On Fri, Aug 14, 2015 at 3:33 PM, Dan Williams <dan.j.williams(a)intel.com> wrote:
On Fri, Aug 14, 2015 at 3:06 PM, Jerome Glisse
> On Fri, Aug 14, 2015 at 02:52:15PM -0700, Dan Williams wrote:
>> On Fri, Aug 14, 2015 at 2:37 PM, Jerome Glisse <j.glisse(a)gmail.com> wrote:
>> > On Wed, Aug 12, 2015 at 11:50:05PM -0400, Dan Williams wrote:
>> > What is the rational for not updating max_pfn, max_low_pfn, ... ?
>> The idea is that this memory is not meant to be available to the page
>> allocator and should not count as new memory capacity. We're only
>> hotplugging it to get struct page coverage.
> But this sounds bogus to me to rely on max_pfn to stay smaller than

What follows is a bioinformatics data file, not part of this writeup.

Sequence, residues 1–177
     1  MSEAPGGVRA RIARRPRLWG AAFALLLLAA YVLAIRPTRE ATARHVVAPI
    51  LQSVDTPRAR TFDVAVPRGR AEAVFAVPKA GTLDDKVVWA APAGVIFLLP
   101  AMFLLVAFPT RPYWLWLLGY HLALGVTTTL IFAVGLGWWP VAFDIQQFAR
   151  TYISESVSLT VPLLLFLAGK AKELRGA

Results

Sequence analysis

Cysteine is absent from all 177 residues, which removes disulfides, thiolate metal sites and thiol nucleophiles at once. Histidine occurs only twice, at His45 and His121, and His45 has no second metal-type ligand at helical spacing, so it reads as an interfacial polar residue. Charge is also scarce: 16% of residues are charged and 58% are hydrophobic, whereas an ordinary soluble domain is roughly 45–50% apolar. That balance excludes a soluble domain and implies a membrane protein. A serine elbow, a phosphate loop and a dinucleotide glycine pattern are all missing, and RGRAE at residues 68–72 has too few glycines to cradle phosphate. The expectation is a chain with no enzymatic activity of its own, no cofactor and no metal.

> first_dev_pfn. For instance you might plug a device that register
> dev memory and then some regular memory might be hotplug, effectively
> updating max_pfn to a value bigger than first_dev_pfn.
> Also i do not think that the buddy allocator use max_pfn or max_low_pfn
> to consider page/zone for allocation or not.
Yes, I took it out with no effects. I'll investigate further whether
we should be touching those variables or not for this new usage.
Although it does not offer perfect protection if device memory is at a
physically lower address than RAM, skipping the update of these
variables does seem to be what we want. For example /dev/mem would
fail to allow write access to persistent memory if it fails a
valid_phys_addr_range() check. Since /dev/mem does not know how to
write to PMEM in a reliably persistent way, it should not treat a
PMEM-pfn like RAM.